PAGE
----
It is impossible to state what is right and what is wrong when it comes to bringing up a child, because the final decision is yours, as a parent. All I can say is parents who are able access such new mediums should give it a serious look as times have changed. There is a slew of fantastic learning tools available that offer a level of interactivity and immersive-ness (is that a word?) that never existed before.
In general, I am a technologist. My work, my hobby and my passion all converge to one word: technology. I am totally for adopting digital tools where necessary if I feel it improves mental or physical growth as long as I am convinced that it is not also harming my child in any significant way. So in this post, I'd like to talk about how we leveraged technology to help in our child's growth.
As a general rule, we as parents subscribe to the rule of limiting the time our son had his hands on these tools (we typically allow a 45 minute window at most each day for this, with weekends getting a little more digital time) and ensure that he mixes his digital tools with a lot of physical activity (the usual running, playing, reading books at night, board games, etc.), but the focus of this post is how we chose to maximize those 45 minutes each day in selecting the right digital/enterta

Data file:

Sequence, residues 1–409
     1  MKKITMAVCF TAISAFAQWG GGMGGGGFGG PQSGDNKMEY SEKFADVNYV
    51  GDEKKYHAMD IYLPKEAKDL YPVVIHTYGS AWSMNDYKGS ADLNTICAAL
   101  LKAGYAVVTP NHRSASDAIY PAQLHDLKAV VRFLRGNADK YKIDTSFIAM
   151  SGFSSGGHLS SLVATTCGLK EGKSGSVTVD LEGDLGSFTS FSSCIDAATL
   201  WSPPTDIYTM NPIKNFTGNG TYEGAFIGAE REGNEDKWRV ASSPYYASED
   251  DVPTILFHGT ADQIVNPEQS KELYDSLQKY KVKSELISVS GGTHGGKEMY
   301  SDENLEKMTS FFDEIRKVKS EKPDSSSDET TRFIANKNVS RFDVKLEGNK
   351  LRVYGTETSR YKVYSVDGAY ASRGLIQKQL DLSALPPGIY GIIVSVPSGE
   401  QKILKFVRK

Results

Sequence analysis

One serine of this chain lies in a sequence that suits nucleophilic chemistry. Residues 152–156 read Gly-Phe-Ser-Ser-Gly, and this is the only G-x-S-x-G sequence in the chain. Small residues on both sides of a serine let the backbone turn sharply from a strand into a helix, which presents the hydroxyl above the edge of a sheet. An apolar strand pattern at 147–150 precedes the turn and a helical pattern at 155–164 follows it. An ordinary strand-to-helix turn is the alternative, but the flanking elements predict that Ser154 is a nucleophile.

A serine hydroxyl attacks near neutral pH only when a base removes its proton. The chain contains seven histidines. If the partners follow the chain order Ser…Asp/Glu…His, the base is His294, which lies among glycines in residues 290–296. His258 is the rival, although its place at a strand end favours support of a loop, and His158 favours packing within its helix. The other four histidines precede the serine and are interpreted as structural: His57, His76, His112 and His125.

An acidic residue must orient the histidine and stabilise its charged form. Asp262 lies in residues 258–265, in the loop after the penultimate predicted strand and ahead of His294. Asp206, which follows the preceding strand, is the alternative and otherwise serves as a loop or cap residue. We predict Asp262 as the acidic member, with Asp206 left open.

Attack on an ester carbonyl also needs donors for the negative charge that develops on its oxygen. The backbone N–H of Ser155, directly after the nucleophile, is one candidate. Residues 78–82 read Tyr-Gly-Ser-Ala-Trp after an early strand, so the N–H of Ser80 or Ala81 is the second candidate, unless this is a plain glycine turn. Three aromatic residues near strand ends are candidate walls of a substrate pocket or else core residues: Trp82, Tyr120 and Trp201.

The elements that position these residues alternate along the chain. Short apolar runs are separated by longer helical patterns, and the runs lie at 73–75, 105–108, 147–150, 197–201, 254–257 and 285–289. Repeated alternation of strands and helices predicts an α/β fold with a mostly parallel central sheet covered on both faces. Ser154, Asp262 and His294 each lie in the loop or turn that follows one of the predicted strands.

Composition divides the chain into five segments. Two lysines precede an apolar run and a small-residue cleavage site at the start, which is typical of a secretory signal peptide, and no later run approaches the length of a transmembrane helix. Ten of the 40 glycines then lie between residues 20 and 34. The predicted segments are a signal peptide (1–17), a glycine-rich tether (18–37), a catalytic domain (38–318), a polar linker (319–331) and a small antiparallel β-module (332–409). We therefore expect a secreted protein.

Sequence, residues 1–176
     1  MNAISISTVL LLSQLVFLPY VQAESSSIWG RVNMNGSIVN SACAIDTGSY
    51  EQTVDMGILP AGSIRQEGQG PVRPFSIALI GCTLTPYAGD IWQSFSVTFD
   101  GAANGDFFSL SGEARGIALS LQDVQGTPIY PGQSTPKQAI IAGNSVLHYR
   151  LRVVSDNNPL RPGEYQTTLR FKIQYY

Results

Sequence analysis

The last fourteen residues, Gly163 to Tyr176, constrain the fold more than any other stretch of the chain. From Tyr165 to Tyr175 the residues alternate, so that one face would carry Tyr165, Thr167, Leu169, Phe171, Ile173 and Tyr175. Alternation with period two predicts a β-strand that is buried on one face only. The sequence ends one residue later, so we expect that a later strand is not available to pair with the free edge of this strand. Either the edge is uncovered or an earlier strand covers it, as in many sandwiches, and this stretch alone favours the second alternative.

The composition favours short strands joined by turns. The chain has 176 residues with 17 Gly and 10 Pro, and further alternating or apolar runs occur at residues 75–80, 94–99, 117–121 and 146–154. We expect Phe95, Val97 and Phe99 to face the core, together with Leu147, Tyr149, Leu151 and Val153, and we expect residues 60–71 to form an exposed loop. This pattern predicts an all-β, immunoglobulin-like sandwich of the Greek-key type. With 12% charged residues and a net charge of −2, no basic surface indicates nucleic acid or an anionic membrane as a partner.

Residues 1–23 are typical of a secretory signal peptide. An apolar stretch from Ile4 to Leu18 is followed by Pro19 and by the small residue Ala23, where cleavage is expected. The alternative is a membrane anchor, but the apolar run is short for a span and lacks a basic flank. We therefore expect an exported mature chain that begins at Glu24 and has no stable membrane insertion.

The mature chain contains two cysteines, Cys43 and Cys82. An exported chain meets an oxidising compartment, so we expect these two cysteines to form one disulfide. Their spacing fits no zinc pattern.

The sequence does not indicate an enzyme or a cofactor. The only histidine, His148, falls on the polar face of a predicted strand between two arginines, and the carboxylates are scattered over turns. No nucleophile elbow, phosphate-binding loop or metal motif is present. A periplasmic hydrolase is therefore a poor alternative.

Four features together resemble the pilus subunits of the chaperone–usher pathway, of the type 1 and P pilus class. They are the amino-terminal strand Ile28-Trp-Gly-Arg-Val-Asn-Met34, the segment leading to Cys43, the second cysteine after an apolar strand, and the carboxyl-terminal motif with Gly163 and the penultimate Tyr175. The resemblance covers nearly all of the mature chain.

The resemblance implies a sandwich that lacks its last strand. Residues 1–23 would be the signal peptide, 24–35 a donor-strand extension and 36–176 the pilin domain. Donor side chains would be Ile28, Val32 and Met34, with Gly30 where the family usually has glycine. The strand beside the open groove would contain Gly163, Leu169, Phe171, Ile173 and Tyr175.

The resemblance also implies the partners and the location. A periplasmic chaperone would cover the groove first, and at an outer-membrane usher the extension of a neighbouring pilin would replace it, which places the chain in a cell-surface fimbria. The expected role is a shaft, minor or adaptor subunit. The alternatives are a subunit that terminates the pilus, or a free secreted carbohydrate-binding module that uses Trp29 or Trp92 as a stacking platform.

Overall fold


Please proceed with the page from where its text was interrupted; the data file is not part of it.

nment tools that help his mind grow.
Scope of this post
The rest of the post will talk about several key applications that I think have contributed greatly to reading, writing, music and social skills of our son at an early age. To you, I am not going to talk about what is right/wrong, how much TV they should or should not watch, whether it is wise to let them play games or not (of the digital kind) etc. That is your choice. Should you choose to expose your little ones to the digital era at an early age, I will simply list tools and applications that we used and felt were of significant help.
Each attribute mentioned later in the post are attributes that I've seen grow rapidly with him by the time he turned 3 and a half, so the results are obvious to me (i.e. ability for music, reading, writing, social skills, visual and problem solving skills)